via Gay Jordan
St Mary's Centre
By Haddenham Webteam - 18th September 2013 5:15pm
We've all seen the TV "Casualty" scenes: a stricken patient, a flat line signal on the heart monitor, and a long warning 'beep' ... the patient is zapped by medical staff using a pair of electric paddles ... the supine subject then convulses into a rigid arched posture, as the electric current causes his or her entire body to goes into an extreme muscle spasm. After a couple of attempts and some well rehearsed lines like "no output" or "still in VF", followed by a further zap, we eventually see the patient restored to the land of the living.
It's all very theatrical, of course — but the reality can be genuinely life saving.
There are various situations in which a person's heart rhythm can become seriously disturbed — the most obvious being a heart attack. Under these circumstances, a defibrillator can be used to restore the normal electrical signal that maintains a healthy and regular heart rhythm. The intervention can be life-saving.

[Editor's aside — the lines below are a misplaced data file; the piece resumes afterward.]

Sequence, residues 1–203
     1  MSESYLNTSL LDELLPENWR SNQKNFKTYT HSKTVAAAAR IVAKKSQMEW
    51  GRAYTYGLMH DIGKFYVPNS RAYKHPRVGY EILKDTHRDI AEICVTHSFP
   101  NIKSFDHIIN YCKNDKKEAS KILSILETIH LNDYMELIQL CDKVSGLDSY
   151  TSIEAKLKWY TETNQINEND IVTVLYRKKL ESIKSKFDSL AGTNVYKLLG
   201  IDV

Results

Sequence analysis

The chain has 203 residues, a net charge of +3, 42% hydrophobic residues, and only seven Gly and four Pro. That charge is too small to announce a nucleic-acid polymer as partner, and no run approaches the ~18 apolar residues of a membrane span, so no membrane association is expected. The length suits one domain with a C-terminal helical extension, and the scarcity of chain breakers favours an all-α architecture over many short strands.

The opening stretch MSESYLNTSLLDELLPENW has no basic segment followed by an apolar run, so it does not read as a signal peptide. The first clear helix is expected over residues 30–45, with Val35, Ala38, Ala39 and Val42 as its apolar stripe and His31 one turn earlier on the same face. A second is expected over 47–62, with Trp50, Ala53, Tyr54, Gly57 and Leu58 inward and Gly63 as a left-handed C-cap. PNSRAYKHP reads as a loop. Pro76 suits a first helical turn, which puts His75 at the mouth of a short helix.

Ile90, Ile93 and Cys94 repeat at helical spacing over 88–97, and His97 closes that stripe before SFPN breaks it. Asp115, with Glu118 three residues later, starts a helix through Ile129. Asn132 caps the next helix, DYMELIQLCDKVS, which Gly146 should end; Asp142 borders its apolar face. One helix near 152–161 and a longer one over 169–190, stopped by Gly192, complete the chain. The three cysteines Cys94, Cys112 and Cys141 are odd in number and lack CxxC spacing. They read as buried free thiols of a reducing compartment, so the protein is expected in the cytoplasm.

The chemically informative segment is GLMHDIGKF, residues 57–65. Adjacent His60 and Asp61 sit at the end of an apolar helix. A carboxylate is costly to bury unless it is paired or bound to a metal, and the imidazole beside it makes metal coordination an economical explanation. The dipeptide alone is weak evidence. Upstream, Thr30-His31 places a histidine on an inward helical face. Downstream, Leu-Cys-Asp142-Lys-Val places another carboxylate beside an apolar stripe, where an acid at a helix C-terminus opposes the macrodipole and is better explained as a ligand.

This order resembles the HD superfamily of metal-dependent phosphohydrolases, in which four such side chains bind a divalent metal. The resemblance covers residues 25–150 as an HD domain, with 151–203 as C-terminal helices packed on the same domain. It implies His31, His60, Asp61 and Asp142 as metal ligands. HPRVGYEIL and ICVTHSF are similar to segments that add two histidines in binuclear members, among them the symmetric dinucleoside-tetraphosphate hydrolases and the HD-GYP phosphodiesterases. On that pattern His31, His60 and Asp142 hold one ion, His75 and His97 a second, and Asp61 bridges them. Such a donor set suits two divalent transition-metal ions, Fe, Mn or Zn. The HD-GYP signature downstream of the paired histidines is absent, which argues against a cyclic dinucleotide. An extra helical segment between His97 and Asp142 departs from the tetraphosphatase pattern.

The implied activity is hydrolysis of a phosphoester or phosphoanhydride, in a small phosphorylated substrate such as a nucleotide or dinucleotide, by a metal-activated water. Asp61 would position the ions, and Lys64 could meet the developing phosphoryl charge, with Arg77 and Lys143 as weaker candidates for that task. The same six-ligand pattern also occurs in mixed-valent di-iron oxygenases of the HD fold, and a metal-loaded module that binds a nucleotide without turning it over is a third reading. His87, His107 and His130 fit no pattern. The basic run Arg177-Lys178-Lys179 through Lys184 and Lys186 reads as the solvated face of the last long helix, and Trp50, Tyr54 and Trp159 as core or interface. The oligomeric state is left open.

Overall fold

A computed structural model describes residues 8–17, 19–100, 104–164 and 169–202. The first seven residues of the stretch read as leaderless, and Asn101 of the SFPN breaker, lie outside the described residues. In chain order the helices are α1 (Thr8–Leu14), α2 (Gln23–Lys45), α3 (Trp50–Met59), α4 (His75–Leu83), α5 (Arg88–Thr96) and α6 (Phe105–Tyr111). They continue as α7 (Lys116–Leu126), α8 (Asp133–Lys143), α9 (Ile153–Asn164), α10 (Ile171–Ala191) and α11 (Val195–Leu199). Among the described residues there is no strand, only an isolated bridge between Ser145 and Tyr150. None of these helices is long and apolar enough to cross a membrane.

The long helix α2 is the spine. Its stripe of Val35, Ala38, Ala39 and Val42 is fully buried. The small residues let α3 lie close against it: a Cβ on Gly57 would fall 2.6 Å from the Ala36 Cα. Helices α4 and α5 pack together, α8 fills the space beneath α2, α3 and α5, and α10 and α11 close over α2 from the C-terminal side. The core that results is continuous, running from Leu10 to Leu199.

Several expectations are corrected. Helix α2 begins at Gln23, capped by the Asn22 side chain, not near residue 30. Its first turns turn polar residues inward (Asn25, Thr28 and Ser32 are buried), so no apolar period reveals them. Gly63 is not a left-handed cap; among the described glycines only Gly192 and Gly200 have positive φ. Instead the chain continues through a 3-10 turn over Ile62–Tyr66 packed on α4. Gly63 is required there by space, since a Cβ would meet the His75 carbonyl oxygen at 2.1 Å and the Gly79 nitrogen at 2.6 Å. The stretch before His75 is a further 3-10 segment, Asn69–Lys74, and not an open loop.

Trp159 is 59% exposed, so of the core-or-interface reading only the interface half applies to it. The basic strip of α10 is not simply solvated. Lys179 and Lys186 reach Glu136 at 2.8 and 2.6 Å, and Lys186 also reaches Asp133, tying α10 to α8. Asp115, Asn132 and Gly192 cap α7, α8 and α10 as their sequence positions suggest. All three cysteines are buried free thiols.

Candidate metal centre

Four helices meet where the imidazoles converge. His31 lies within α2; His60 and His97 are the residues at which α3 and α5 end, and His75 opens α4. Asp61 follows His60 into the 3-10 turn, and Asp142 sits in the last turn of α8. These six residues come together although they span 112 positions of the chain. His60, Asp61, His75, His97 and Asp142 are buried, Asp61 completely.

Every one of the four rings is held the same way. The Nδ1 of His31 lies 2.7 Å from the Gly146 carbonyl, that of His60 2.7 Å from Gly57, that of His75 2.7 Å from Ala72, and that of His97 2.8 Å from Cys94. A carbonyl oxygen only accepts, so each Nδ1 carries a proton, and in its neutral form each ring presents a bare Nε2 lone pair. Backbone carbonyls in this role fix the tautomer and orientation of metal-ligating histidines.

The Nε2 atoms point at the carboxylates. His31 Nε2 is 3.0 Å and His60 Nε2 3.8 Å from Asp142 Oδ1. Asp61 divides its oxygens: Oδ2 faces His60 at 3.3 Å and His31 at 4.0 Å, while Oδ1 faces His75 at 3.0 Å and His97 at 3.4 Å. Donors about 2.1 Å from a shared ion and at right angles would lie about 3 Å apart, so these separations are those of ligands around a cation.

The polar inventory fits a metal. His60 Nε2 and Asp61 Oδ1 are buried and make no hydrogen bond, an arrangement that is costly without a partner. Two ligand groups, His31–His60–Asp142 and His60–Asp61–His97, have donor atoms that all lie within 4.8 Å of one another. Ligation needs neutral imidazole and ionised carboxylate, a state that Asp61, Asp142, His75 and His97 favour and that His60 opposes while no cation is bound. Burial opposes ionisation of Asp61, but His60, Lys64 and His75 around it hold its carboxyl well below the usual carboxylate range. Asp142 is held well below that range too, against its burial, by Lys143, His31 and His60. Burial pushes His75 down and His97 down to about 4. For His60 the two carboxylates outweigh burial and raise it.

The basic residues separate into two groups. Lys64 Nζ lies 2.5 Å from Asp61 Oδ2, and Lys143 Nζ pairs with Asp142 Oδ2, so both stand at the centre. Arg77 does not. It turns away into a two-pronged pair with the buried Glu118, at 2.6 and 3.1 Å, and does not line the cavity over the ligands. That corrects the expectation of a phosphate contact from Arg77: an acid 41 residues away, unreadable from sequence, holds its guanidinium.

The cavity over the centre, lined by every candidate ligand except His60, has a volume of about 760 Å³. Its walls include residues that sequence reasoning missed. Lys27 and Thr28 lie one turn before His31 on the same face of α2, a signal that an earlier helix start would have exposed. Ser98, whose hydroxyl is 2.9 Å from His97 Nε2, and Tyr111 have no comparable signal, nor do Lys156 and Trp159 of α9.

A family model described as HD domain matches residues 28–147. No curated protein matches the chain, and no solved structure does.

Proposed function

Although training is needed, defibrillators are now available that are designed for use by non-medically qualified staff. Such devices have very clear step-by-step instructions displayed on the case, and a highly automated activation sequence. Having these devices located in public spaces, with key members of the community suitably trained in their use, has been shown to reduce sudden death rates from major cardiovascular events.
Lindsey McGibbon is delighted to announce that, through the fundraising efforts of staff and a generous donation by the Beer Festival Trust, Abbeyfield now has its own automated defibrillator. And given that the care home at Stonehill House, 106 Churchway, provides 24/7 care for its residents, this means that the defibrillator is also available round the clock for emergency use in the village.
We will publish more details once we have them. But grateful thanks are due to Abbeyfield and to the Beer Festival Trust for making this life-saving technology available to Haddenham.
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